It is those very stereotypes which help explain what former Maine foster parent (and current adoptive parent) Mary Callahan understands so well: When a birth parent wants a little help with housing so she can raise her own child she’s a “welfare queen” but when her child is taken away because of unsafe housing, placed in foster care, and the foster parent wants significantly more money than the birth parent ever got – including payment for all additional housing costs - the foster parent is a hero.
Raising this issue does not mean that I think most foster parents are “in it for the money.” But when foster parents defend themselves against that claim (which, oddly, almost always is raised by the foster parents themselves, not by others) their main argument is that they can’t be in it for the money because there’s not enough money. But that also means the more they succeed at raising reimbursements, the more they undercut that claim. If anything, CR’s proposal is likely to make foster care more attractive to the minority who go into it for the wrong reasons.
In most cases, reimbursement for foster parents isn’t as bad as most news stories make it sound. For starters, you can bet the CR report will focus on the base rate - the lowest rate a state ever pays. But most states have a sliding scale of rates, with reimbursement increasing if the child is considered to have more severe problems. (That creates issues of its own, such as a built-in incentive to claim that foster children are as sick and as difficult as possible.)
In Maine, which is very much at the high end, a foster parent who takes a child at the highest “level of care” can get as much as $27,000 per child per year.
Most foster parents don’t get anything like that. But whatever they get, since it is considered reimbursement, not salary, it is generally tax-free. The child’s health insurance is provided through Medicaid, and there may be a clothing allowance and other allowances as well.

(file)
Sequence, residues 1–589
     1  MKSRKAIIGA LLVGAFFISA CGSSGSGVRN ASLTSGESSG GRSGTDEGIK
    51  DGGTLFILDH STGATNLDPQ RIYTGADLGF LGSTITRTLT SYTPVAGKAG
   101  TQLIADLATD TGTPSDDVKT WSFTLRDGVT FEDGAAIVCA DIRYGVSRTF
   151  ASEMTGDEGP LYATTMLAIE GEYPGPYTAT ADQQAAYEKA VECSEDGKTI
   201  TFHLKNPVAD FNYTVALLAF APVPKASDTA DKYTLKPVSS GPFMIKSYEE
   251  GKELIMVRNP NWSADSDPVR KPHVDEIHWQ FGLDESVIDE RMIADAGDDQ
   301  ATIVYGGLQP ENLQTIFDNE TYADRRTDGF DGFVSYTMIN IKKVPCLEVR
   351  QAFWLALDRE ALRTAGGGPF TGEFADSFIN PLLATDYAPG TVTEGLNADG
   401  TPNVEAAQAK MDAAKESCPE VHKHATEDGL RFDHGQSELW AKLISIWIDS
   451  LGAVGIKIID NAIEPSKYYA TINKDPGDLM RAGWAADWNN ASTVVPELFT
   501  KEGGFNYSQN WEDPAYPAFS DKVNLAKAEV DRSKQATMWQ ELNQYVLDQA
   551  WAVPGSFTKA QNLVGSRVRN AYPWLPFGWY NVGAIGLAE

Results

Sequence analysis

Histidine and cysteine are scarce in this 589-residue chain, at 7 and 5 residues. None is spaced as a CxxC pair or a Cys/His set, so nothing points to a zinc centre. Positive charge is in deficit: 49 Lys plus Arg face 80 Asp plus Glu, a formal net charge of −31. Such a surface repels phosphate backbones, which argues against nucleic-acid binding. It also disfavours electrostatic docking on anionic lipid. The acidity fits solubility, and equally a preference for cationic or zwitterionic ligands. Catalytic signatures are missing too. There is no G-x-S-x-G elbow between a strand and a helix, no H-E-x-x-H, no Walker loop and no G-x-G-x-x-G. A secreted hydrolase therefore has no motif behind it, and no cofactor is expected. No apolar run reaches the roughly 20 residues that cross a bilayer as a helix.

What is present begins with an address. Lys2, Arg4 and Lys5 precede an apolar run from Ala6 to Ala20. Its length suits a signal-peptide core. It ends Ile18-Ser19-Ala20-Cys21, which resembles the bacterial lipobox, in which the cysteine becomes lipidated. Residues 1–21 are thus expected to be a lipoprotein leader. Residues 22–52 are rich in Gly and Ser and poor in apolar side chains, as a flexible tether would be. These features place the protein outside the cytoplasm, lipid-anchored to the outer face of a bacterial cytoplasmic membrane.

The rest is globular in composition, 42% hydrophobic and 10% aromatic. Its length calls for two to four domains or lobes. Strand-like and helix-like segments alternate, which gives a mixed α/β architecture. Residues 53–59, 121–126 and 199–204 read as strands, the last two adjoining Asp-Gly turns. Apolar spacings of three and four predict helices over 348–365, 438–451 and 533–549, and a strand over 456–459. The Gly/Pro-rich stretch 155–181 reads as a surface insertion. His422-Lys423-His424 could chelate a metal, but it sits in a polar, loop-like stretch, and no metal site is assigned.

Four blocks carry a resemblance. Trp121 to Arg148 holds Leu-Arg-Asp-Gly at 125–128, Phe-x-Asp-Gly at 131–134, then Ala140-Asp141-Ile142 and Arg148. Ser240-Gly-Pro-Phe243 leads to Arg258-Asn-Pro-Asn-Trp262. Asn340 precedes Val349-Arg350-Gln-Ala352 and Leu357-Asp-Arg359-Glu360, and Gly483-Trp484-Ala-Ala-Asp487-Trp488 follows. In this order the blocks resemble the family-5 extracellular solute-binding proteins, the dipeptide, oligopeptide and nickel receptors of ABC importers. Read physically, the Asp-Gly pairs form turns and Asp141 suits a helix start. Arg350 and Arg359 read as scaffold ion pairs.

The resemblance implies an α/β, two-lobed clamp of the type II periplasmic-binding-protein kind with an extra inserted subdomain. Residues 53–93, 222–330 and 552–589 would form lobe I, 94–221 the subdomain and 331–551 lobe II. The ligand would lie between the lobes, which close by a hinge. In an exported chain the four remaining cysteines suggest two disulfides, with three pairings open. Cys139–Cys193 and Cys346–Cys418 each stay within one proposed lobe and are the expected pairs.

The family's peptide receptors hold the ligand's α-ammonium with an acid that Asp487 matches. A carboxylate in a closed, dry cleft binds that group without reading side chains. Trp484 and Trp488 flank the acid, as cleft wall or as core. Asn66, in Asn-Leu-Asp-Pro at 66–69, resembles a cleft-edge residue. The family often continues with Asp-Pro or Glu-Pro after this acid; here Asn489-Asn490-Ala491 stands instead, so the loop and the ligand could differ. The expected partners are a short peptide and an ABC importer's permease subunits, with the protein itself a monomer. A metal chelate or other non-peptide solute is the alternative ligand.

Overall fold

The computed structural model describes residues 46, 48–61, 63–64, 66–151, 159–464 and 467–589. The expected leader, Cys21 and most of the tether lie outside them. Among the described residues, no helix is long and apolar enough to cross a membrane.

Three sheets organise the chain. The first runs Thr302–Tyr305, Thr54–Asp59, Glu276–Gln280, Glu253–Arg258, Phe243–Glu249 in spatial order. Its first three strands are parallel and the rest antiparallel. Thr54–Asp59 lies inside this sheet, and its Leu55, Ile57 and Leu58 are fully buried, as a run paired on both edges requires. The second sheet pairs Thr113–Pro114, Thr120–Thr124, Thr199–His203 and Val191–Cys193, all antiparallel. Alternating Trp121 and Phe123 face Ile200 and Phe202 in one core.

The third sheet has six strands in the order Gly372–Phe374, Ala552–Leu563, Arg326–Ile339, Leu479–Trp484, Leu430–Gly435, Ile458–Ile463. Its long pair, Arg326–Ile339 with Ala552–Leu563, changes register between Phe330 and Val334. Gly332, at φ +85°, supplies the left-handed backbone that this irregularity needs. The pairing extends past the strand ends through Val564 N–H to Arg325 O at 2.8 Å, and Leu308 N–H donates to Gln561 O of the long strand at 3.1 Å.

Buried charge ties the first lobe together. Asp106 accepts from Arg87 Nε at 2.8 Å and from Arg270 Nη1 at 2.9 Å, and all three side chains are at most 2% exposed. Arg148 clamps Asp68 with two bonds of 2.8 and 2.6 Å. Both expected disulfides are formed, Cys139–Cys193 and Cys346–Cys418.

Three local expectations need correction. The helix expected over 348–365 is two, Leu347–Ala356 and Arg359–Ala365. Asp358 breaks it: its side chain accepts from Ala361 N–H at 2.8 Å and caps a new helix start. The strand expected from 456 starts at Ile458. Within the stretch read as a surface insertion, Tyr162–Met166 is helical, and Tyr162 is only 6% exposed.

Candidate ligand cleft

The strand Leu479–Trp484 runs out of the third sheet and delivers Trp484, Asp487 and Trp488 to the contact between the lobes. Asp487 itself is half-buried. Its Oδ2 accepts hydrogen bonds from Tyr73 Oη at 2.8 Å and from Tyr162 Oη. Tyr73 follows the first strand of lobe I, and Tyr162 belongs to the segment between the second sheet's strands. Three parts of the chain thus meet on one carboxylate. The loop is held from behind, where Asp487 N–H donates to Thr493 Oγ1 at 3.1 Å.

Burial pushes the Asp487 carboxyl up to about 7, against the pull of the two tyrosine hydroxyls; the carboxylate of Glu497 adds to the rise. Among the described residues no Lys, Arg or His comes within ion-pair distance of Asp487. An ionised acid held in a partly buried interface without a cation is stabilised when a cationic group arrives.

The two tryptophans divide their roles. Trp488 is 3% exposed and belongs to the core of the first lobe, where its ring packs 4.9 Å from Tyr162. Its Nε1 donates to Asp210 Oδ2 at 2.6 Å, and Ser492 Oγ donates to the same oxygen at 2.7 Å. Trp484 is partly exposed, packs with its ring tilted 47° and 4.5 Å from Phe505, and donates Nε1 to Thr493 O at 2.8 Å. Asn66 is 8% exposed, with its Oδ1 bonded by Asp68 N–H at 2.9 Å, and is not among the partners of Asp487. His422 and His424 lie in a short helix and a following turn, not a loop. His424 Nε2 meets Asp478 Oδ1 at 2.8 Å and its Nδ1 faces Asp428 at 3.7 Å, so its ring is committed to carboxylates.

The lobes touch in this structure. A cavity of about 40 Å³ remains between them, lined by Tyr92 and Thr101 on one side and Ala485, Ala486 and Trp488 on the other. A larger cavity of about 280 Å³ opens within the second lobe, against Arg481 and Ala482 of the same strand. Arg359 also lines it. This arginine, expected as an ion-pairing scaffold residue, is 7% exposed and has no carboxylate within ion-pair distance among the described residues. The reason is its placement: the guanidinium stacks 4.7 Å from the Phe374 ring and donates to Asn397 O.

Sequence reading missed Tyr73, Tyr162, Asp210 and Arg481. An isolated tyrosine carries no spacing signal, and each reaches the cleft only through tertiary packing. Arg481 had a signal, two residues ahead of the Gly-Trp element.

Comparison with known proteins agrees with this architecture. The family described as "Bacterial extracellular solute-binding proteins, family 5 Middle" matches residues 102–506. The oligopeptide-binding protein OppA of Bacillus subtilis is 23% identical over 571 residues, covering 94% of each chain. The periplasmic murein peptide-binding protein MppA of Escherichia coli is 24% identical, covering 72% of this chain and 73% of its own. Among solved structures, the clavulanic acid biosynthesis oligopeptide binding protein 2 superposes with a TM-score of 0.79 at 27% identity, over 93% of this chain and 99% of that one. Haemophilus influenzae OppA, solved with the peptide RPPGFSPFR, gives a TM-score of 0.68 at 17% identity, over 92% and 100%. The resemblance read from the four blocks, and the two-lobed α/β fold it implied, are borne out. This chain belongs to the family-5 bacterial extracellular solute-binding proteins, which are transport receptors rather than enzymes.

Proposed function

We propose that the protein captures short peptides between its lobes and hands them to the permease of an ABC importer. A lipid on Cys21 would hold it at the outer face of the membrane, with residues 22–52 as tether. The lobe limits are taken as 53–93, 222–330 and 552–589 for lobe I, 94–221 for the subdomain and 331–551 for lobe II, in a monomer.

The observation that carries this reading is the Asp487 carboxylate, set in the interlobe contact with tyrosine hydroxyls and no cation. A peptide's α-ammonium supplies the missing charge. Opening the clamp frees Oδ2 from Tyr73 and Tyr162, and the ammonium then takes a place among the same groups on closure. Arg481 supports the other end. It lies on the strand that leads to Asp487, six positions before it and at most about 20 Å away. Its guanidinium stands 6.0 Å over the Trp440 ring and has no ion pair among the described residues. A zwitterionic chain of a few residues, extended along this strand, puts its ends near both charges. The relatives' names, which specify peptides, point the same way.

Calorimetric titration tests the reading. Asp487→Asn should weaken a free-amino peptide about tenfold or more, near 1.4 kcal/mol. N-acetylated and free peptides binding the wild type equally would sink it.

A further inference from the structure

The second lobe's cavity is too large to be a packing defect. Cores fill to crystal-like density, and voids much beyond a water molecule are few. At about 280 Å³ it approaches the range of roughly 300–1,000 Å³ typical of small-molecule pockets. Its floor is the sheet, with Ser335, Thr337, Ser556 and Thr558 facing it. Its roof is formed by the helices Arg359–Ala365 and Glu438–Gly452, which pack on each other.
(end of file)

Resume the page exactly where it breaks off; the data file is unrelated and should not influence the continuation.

At the base rate, none of this makes foster parenting profitable, or easy, -- not for good foster parents. (Paradoxically, if you want to be a rotten foster parent, you may, in fact, be able to make money on the deal.) But few foster parents are rotten; many foster parents really are heroes.
I also believe that some reimbursement for foster parents is reasonable. It’s unrealistic to expect people to go deep into their own pockets to care for a stranger’s children, children the foster parents don’t even know until they walk in the door, and who may walk out again at any time. So it’s fair for the state to help out with the costs. On the other hand, no foster parent who is demanding that every cent of expenditure be reimbursed can also turn around and claim to “love these children as I do my own.” Anyone who really loves a foster child as much as her own child should be willing to pick up at least a small part of the cost of caring for that child.
Why would we want to completely cover the cost of what is, after all, an act of charity that comes from the goodness of the heart, for which the primary satisfaction should be psychic? If you volunteer to, say, tutor children at an after school program, you may have to dig into your own pocket a little. You’re not going to be reimbursed for mileage, and you may have to purchase some supplies. But, presumably, it’s worth it for the psychic satisfaction of helping someone in need.
So shouldn’t we be worried about middle-class people who volunteer to be foster parents but who are not willing to pitch in financially, at least a little?
In fact, the intersection of love and money is a minefield, raising all sorts of uncomfortable questions. For instance: What if the foster parent who comes forward is the child’s grandmother? The former head of the human services agency in one state used to say that her agency wouldn’t help grandparents at all because it’s simply a family’s obligation to take care of their own. Did this same state official return her own parents’ Social Security checks on grounds that she should be picking up the costs of their retirement? I doubt it.